America’s Diminishers

In her insightful book Multipliers, Liz Wiseman distinguishes between two types leaders—those who are able to tap into dispersed organizational knowledge and those who ignore the knowledge of anyone but themselves. Diminishers of organizational knowledge, she observes, are at their core “intellectual supremacists.” Wiseman writes:

The Diminisher’s  view of intelligence is based on elitism and scarcity. Diminishers appear to believe that really intelligent people are a rare breed and I am one of the few really smart people. They then conclude, other people will never figure things out without me.

We all have met intellectual supremacists. The world is full of them, and they bring destruction everywhere they go. The effects of Diminishers depend upon how much coercive power they wield. Bob Nardelli, the former CEO of Home Depot, was a Diminisher. His impact on Home Depot was large, but his impact on ordinary Americans was small. Why? Outside Home Depot, Nardelli had no coercive power; and thus Lowe’s was able to fill the void left by Home Depot.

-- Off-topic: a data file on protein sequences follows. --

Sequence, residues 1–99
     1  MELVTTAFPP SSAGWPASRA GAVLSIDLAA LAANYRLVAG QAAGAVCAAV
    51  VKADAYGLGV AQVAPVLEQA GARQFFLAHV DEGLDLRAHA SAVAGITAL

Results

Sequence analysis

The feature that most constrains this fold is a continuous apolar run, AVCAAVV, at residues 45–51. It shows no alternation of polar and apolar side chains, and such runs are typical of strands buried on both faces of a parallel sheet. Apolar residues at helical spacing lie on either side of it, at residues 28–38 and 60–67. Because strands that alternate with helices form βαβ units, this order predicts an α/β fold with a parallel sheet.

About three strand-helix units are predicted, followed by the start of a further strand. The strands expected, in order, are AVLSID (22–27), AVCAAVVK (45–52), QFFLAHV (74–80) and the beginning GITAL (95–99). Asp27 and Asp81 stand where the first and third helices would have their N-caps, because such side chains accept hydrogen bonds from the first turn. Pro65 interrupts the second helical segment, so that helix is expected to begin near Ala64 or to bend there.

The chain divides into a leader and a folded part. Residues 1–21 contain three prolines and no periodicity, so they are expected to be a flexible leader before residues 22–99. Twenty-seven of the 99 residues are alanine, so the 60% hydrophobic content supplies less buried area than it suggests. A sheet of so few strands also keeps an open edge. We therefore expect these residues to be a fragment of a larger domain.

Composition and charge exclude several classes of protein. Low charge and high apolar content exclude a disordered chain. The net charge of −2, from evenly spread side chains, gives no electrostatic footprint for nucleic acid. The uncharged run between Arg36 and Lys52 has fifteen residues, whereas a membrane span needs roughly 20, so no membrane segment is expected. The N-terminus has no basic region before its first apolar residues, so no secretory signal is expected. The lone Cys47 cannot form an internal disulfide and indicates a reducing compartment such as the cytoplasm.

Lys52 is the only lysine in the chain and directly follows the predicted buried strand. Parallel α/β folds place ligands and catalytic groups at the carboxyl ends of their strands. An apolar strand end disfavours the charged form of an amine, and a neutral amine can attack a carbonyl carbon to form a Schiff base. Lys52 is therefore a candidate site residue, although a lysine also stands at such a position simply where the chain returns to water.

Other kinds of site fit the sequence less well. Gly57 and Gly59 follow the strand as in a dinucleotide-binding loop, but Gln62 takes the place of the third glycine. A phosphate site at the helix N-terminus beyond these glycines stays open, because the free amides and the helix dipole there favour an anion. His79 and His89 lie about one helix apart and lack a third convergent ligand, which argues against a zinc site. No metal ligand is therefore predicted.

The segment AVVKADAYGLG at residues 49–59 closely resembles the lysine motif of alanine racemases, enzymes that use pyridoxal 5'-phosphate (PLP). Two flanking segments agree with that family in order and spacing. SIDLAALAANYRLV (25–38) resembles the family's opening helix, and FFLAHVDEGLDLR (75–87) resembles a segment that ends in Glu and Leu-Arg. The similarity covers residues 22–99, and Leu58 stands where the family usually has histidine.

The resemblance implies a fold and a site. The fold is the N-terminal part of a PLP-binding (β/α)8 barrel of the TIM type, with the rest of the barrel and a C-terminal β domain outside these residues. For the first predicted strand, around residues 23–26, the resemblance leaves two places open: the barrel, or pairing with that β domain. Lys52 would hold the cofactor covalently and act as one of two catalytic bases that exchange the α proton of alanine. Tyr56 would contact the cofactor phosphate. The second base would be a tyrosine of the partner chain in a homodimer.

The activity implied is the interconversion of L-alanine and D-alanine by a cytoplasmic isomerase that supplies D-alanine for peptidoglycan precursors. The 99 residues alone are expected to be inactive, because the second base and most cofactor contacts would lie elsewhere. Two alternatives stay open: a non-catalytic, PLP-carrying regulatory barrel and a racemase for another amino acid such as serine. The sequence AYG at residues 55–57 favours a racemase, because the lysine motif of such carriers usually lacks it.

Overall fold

Lee Iacocca, the former CEO of Chrysler, was a classic Diminisher. His effect on Chrysler employees was large but, like Nardelli, his effect on ordinary Americans would have been limited if not for his ability to tap the coercive power of government. He blamed his failures on the Japanese, and his political acumen resulted in import quotas against Japanese cars and higher prices to Americans. His legacy was later felt when taxpayers were forced to bail out Chrysler in 2010.

And then there are those Diminishers whose coercive  power is so large that they bankrupt and starve a nation. Consider Kim Jong-il of North Korea whose intellectual abilities were considered godlike and who issued “field guidance” on the production and distribution of all goods and services.